Two Bleckley County 4-H members hope to educate their friends and community members about the dangers of distracted driving.
Trevor Barker, a high school senior, and high school sophomore Jade Allen will travel to the 2014 Teen Distracted Driving Prevention Summit, hosted by the National Organization for Youth Safety, in Washington, D.C., Oct. 18 to Oct. 20. The two 4-H’ers were chosen from hundreds of national applicants to attend the event.
“They were so ecstatic,” said Brandi McGonagill, Bleckley County Extension 4-H agent. “They posted it all over social media.”
The Bleckley County 4-H students will be working alongside more than 20 students from across the country to learn how to engage their community and warn fellow teens about the dangers of distracted driving.
Any activity that could divert a person's attention away from the primary task of driving is classified as “distracted driving.” Ten percent of all drivers under the age of 20 involved in fatal crashes were distracted at the time of the crash, and this age group has the largest proportion of distracted drivers.
“These deaths are preventable,” said National Organizations for Youth Safety CEO Anita Boles in a press release. “Teens are especially prone to distractions. However, peer-to-peer education — led by youth — can save lives.”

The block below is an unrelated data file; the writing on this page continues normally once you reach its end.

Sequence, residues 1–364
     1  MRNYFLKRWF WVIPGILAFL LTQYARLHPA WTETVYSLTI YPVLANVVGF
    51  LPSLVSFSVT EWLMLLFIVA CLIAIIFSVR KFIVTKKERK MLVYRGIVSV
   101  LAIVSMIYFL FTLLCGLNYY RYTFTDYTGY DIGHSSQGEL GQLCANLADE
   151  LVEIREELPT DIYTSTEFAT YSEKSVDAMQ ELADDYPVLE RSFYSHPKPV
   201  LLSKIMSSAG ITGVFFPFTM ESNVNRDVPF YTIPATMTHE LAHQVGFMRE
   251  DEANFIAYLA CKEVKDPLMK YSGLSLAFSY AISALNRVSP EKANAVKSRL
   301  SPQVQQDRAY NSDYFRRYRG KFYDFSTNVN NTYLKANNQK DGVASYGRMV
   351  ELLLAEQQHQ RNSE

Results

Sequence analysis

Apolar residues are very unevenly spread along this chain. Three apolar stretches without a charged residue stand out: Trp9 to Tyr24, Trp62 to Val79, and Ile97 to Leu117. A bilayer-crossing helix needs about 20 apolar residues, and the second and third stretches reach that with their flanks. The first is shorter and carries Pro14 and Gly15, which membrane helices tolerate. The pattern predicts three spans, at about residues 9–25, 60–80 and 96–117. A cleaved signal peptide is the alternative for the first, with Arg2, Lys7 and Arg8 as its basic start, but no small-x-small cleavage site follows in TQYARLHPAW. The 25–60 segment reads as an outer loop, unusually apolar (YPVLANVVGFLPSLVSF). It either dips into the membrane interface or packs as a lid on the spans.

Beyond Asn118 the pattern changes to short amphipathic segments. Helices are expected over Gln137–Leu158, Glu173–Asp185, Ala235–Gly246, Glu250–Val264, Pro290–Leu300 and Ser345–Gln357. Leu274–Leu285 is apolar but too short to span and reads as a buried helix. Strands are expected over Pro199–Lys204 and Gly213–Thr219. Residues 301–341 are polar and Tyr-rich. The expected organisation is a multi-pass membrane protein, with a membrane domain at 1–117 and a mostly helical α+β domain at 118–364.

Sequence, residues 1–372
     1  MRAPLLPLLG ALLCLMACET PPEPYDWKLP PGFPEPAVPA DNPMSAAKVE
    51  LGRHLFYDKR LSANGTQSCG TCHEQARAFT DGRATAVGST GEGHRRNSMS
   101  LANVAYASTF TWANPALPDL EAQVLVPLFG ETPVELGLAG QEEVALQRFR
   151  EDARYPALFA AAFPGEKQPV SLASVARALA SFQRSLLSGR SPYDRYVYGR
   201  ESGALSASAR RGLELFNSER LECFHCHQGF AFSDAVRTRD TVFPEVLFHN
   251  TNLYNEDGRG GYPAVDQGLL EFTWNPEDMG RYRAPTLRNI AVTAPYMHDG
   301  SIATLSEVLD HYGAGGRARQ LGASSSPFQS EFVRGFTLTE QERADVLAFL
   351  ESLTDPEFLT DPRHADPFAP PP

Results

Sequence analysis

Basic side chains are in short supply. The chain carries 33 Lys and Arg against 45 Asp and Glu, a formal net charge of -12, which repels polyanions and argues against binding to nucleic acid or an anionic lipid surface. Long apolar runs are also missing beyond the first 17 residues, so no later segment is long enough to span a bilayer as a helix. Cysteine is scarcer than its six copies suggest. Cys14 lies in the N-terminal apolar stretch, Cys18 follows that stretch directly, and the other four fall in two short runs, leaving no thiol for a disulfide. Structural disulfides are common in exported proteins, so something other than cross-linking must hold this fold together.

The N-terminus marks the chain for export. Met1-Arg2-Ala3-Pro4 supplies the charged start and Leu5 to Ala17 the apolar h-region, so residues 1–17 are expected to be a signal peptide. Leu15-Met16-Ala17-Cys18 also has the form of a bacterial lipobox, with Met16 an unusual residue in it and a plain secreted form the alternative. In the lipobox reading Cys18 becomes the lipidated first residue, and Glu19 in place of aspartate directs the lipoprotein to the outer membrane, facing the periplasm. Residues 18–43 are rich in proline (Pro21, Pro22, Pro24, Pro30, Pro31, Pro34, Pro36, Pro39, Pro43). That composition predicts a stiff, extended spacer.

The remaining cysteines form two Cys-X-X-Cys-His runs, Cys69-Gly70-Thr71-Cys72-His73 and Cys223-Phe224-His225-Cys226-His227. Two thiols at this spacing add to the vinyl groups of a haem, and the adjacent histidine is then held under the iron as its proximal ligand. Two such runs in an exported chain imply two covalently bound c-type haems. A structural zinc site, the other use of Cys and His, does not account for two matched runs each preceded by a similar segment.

The upcoming distracted driving summit will feature presentations, educational activities and interactive training. The three-day summit will also feature four different panels: a distracted driving data/research panel, impact panel, parent influence panel and youth voice panel.
The panels will focus on answering questions about teen brain development and distractions, how victims impact families and communities, and how affected individuals can inspire change.
“It’s a great opportunity for them to go to D.C., learn more about distracted driving and bring it back to our community,” McGonagill said.
Barker and Allen will bring back the information and resources they receive from the summit and host a local distracted driving prevention program, replicating the summit and its programming.
Barker is also on the student council at Bleckley County High School with plans to study medicine after graduation. Allen also stays busy with FFA, dance and showing horses.
While in the nation’s capital, the two will meet with legislators and tour historic sites and memorials in addition to attending the summit.
(Jordan Hill is an intern with the UGA Tifton Campus.)